How do pharmaceutical drugs get in drinking water? That's has been a common question since headlines like "AP Probe Finds Drugs in Drinking Water" appeared. In actuality there are many sources of the contamination.
First, there are human beings. You might think that when you take a medication, all of it is absorbed by the body. That is not the case. A great deal of the medications pass through the body without being metabolized and are excreted, along with other waste products. In order to fully answer the question of how do pharmaceutical drugs get in drinking water, you have to understand that at least some of the waters flowing out of your taps are "recycled" wastewaters. Wastewater treatment facilities need to be state of the art in order to remove all of the traces of medications and other synthetic and organic chemicals that are present in raw sewage.
Since the AP probe finds drugs in drinking water samples taken from around the country, obviously most wastewater treatment facilities are not "state-of-the-art". Practically all of the traces could be removed by combining reverse osmosis and ultrafiltration, but those expensive steps are not normally taken. If they remove the visible waste materials, they satisfy most of the demands made by the EPA. What is then considered "clean" is dumped into a local river, a bay or the ocean. Public drinking water treatment facilities "downstream" from the wastewater treatment plant take from the river or the bay and try to make it safe for human consumption.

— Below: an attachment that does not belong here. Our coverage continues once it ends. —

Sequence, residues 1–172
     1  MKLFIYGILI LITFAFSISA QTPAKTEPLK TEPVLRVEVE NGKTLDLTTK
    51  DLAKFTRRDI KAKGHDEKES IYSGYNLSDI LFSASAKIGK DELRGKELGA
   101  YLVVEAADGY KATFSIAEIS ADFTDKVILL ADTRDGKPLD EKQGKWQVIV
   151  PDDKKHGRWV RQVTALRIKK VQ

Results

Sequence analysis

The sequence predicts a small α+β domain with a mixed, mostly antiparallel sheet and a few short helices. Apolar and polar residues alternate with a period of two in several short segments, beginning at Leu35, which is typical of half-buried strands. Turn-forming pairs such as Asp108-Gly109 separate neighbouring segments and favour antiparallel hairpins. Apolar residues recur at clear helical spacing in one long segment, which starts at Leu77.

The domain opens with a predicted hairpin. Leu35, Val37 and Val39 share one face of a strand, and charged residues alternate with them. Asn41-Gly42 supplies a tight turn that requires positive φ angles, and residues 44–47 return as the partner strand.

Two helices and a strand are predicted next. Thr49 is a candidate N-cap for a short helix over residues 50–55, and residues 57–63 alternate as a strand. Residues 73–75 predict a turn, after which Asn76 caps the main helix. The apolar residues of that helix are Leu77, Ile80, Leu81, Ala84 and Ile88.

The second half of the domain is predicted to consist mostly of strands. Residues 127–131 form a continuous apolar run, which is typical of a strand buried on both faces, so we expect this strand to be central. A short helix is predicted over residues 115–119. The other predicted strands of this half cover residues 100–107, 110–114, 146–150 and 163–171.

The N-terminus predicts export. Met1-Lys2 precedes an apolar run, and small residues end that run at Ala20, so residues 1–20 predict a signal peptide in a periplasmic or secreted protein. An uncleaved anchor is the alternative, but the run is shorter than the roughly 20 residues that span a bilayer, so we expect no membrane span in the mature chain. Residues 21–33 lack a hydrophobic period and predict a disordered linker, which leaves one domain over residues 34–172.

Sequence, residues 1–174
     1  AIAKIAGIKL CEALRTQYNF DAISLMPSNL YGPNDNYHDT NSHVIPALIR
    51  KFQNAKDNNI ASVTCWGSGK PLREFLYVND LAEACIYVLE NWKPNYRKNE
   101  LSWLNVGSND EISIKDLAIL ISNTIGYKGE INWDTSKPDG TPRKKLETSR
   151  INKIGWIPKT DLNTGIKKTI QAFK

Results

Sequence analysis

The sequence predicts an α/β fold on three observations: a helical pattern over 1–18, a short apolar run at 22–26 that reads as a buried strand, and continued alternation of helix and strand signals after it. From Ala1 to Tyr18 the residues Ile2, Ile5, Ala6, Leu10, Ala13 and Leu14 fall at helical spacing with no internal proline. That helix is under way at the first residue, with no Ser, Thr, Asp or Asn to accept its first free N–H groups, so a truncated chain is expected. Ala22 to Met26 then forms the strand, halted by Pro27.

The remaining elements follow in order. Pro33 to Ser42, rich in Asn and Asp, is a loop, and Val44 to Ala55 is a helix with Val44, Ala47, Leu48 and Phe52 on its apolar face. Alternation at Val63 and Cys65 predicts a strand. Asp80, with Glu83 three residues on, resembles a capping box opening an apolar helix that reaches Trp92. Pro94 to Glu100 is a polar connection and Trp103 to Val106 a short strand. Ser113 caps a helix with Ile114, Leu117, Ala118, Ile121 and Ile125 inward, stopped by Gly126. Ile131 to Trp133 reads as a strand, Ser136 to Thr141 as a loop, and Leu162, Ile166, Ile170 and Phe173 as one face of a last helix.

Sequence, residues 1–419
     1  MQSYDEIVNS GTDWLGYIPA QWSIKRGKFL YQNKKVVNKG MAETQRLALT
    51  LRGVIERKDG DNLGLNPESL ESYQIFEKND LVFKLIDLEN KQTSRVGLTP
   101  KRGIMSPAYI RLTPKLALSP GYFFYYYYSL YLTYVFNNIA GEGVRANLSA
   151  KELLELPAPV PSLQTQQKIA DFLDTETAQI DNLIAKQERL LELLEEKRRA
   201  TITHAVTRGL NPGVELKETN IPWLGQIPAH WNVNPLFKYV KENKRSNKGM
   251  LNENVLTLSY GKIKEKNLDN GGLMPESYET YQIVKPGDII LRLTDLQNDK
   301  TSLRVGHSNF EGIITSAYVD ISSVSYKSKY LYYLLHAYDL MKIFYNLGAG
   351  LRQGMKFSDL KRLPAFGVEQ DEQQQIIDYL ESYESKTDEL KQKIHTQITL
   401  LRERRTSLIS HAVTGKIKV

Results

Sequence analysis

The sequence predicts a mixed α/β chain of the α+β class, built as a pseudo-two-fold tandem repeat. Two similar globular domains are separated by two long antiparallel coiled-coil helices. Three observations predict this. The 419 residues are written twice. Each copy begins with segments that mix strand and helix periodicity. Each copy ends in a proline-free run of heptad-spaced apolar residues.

In DC and Northern Virginia, for example, the public drinking supply comes from the Potomac River. It's a long river and upstream there are numerous wastewater treatment plants, so by the time it gets to DC, it's literally full of contaminants. It's not even safe to swim in. According to the AP, the probe finds drugs in drinking water, ready to be sent to DC residents, which are meant to treat mental illness and heart disease, as well as hormones found in birth control pills. In all, there were six different pharmaceuticals.
But, there's another answer to how do pharmaceutical drugs get in drinking water. People flush expired medications down the drain. I have even seen doctors recommend that this is a "good idea", in advice columns. Doesn't anyone care about the environment? How do you safely dispose of pharmaceuticals? Your local landfill should have an effective method or you might want to consider donating unused medications to charitable organizations that collect them and dispense them to poverty stricken nations around the world.
You see, it is not only people that are affected by this type of pollution. Some fish swimming in the Chesapeake Bay have mutated to the point that reproduction is impossible. You can help solve the problem. Of course none of the stories bearing the headline "probe finds drugs in drinking water" mention that fact. There are home purification products that trap the contaminants in an enclosed disposable filter. But, units like reverse osmosis remove the threat from your home, but waste water is created that contains concentrated contaminants and that goes right back into the environment.
You can buy a modern "environmentally friendly" system for the kitchen, the shower or the whole house and not only protect your family, but improve the environment, as well. You won't have to worry when another probe finds drugs in drinking water. In order to fully answer "how do pharmaceutical drugs get in drinking water", it is necessary to mention farm runoff and pet waste. They also contain traces of veterinary medications.